What Is Trump’s 'Super Duper Missile'?: An Investigation

Kyle Mizokami
Photo credit: Lockheed Martin

From Popular Mechanics

Over the last two months, the President of the United States has made reference to what he called a “super duper missile.” The President touted the missile, which he did not name specifically, at least three times this year, and appears to have revealed what are seemingly secret details about the weapon. Let’s go over his statements and try to figure out what he’s talking about.

Trump made his first comments about “super” weapons in February 2020 at a White House meeting with state governors:

“We have the super-fast missiles — tremendous number of the super-fast. We call them “super-fast,” where they’re four, five, six, and even seven times faster than an ordinary missile. We need that because, again, Russia has some. I won’t tell you how they got it. They got it, supposedly, from plans from the Obama administration when we weren’t doing it. And that’s too bad. That’s not good. But that’s how it happened. And China, as you know, is doing it.”

In these comments, Trump appears to confuse the term “super-fast” with “hypersonic.” Hypersonic refers to speeds in excess of Mach 5, and Trump erroneously mixes in Mach 4 weapons with hypersonics. Trump furthermore claims that Russia got the plans from the Obama Administration, which is untrue. Development of the Avangard strategic hypersonic missile began in the 1980s. Regardless, we now know, in a roundabout way, that Trump has been briefed on the new series of U.S. hypersonic weapons.

Photo credit: U.S. Army

Then in May, at a White House event marking the establishment of the Space Force, Trump said:

“We have a — I call it the “super-duper missile.” And I heard the other night, 17 times faster than what they have right now….And you take the fastest missile we have right now — you’ve heard Russia has five times, and China is working on five or six times. We have one 17 times. And it’s just gotten the go-ahead. Seventeen times faster, if you can believe that, General. That’s something, right? Seventeen times faster than what we have right now. Fastest in the world by a factor of almost three.

Now we have a name for the missile: “super duper.” We also know it can travel at Mach 17, or 13,043 miles an hour. Trump claims that the missile is nearly three times faster than Russian or Chinese hypersonic weapons. Incidentally, that claim is also untrue: experts say Russia’s Avangard weapon is believed to reach speeds of up to Mach 27.)

Then, on June 13 at West Point, Trump had the following to say:

We are building new ships, bombers, jet fighters, and helicopters by the hundreds; new tanks, military satellites, rockets, and missiles; even a hypersonic missile that goes 17 times faster than the fastest missile currently available in the world and can hit a target 1,000 miles away within 14 inches from center point.

The last part of this comment seems to refer to the “super duper missile” (SDM), but also includes some interesting parameters.

So, what is the SDM? We know there’s a dizzying array of U.S. hypersonic weapon programs under simultaneous development. The U.S. Navy’s Conventional Prompt Strike missile, while the U.S. army is developing the Long Range Hypersonic Weapon and the newly outed Vintage Racer. The U.S. Air Force is developing not one but two weapons, the AGM-183 Air-Launched Rapid Response Weapon (ARRW) and the Hypersonic Air-Breathing Weapon Concept (HAWC). DARPA has two more hypersonic weapon concepts under development: Tactical Boost Glide and OpFires.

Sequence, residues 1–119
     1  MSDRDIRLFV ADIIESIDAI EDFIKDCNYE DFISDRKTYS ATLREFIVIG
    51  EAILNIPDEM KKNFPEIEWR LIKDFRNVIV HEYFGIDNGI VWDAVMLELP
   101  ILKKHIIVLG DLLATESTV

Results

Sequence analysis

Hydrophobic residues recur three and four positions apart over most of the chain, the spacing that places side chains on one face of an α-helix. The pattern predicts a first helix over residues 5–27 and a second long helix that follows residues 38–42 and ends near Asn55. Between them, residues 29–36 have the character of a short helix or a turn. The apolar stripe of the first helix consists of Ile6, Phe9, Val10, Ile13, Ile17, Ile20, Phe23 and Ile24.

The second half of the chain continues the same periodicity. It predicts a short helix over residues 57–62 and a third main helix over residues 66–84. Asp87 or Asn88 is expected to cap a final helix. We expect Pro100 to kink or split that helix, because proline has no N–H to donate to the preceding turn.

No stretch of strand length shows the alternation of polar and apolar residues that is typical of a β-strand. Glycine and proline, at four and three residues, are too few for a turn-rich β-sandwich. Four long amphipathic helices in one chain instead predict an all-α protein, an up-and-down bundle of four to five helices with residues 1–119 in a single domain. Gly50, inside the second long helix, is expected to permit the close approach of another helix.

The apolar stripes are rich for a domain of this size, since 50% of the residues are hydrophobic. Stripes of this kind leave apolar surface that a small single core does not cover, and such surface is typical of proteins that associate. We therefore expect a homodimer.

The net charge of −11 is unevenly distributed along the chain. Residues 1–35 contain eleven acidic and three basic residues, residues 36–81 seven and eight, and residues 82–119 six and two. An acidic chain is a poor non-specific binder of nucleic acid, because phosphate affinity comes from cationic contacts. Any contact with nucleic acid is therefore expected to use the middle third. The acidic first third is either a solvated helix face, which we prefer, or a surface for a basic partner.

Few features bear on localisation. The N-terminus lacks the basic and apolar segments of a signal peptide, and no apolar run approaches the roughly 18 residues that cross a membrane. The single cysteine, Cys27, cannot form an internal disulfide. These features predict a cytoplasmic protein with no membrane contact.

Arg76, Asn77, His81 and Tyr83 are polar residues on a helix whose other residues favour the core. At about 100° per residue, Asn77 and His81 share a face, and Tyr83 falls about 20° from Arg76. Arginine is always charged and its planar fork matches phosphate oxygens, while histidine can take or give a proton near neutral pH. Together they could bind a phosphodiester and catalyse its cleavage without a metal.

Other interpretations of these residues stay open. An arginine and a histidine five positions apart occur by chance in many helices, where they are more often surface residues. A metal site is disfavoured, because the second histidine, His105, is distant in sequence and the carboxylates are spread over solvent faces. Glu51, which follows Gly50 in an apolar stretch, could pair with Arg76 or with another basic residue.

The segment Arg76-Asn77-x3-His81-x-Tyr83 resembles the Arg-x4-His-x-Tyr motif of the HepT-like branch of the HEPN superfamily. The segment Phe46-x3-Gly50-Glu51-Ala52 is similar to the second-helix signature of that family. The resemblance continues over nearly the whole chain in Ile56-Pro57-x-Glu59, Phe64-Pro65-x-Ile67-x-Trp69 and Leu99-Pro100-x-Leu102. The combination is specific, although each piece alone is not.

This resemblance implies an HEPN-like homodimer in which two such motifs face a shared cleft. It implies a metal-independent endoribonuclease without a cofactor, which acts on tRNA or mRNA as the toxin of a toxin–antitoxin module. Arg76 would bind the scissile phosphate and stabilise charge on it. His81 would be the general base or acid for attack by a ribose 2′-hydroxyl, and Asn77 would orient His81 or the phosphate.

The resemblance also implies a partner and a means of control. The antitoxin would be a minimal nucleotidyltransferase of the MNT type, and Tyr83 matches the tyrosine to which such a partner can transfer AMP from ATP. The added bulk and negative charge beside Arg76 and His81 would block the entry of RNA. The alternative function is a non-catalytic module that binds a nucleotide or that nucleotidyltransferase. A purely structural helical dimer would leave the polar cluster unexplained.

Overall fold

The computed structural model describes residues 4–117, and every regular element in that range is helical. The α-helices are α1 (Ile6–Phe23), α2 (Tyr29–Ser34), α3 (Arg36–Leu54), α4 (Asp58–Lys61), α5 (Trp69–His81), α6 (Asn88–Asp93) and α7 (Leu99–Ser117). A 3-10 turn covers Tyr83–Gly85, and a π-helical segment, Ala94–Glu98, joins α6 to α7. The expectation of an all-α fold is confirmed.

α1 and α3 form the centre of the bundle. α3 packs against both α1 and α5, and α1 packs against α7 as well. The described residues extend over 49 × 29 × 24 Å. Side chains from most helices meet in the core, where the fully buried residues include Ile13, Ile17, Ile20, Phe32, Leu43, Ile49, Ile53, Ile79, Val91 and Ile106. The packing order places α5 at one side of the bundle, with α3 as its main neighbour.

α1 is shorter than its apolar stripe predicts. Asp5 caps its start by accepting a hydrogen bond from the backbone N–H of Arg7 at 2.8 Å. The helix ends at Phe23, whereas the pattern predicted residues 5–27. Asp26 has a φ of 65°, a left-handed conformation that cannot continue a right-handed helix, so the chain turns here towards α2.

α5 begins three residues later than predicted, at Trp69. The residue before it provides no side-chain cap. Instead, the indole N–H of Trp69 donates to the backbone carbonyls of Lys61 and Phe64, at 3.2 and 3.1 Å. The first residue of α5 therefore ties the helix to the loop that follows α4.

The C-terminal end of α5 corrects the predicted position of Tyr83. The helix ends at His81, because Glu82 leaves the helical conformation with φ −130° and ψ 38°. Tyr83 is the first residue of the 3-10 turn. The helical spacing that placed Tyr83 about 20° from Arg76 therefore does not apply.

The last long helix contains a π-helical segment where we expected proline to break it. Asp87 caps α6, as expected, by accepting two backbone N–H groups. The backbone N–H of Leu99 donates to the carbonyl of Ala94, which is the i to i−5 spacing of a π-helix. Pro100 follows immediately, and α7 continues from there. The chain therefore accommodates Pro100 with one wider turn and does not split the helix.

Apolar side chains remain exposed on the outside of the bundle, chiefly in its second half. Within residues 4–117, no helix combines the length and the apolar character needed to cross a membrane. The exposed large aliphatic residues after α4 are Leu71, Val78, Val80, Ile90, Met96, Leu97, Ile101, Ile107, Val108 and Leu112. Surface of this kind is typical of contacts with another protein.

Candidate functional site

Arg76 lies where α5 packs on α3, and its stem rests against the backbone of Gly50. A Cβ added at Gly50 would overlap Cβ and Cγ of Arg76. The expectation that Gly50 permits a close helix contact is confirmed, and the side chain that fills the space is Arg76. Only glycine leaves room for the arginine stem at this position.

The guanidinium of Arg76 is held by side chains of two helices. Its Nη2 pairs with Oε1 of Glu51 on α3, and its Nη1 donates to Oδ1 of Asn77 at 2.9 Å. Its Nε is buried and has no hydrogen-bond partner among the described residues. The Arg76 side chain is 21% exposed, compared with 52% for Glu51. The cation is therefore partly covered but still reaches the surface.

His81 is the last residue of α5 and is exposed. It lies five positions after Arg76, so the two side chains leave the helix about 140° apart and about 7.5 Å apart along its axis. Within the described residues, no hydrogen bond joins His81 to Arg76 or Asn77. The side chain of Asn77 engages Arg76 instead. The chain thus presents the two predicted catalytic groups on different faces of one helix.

Photo credit: Air Force

Of all these weapons, the AGM-183 ARRW is probably the best match for the Super Duper Missile. A range of 1,000 miles suggests an air-launched weapon: land based missiles hauled around on transporters can be made larger and thus have a longer range, while air-launched weapons are constrained by the need to fit them on warplanes. A 1,000-mile range is typically the sweet spot for air-to-ground weapons, making them small enough so that aircraft can carry multiple missiles while still launching them from the maximum flying range of an adversary’s fighter jets. A thousand miles will also place the carrier aircraft safely out of range of surface-to-air missiles, such as the Russian S-400 and Chinese HQ-9.

If this is indeed ARRW, then a Mach 17 speed and 1,000-mile range has some interesting implications. Such a missile, launched from maximum range, would hit its target in about 4.5 minutes. By comparison, a Tomahawk cruise missile would take about an hour and twenty minutes to fly the same route. While defending against hypersonics isn’t impossible, detecting, tracking, and then engaging a missile traveling at more than three miles a second isn’t easy, and may not be possible with current surface-to-air missiles systems.

Photo credit: Lockheed Martin

Another useful detail is that ARRW—if the AGM-183 and Super Duper Missile are indeed the same weapon—has a claimed accuracy of within 14 inches. This is a pretty remarkable detail to leak, as the Pentagon rarely discusses the accuracy of its weapons.. One of the Pentagon’s most popular guided weapons, the GPS-guided JDAM bomb, has an accuracy of 43 feet. The new Joint Air to Surface Standoff Missile (JASSM) will land within 10 feet of its target 50 percent of the time. Fourteen inches is a considerable boost in accuracy and will likely leave Russian and Chinese engineers scratching their heads how it is possible—and how to counter such a sophisticated guidance system.

Of course, all of this assumes the statements made by the President are true. If they aren’t true then America’s adversaries could be sent on a wild goose chase, spending millions or even billions on an imaginary threat. If they are true these same adversaries now have a rough idea what to defend against—before the SDM even enters service.

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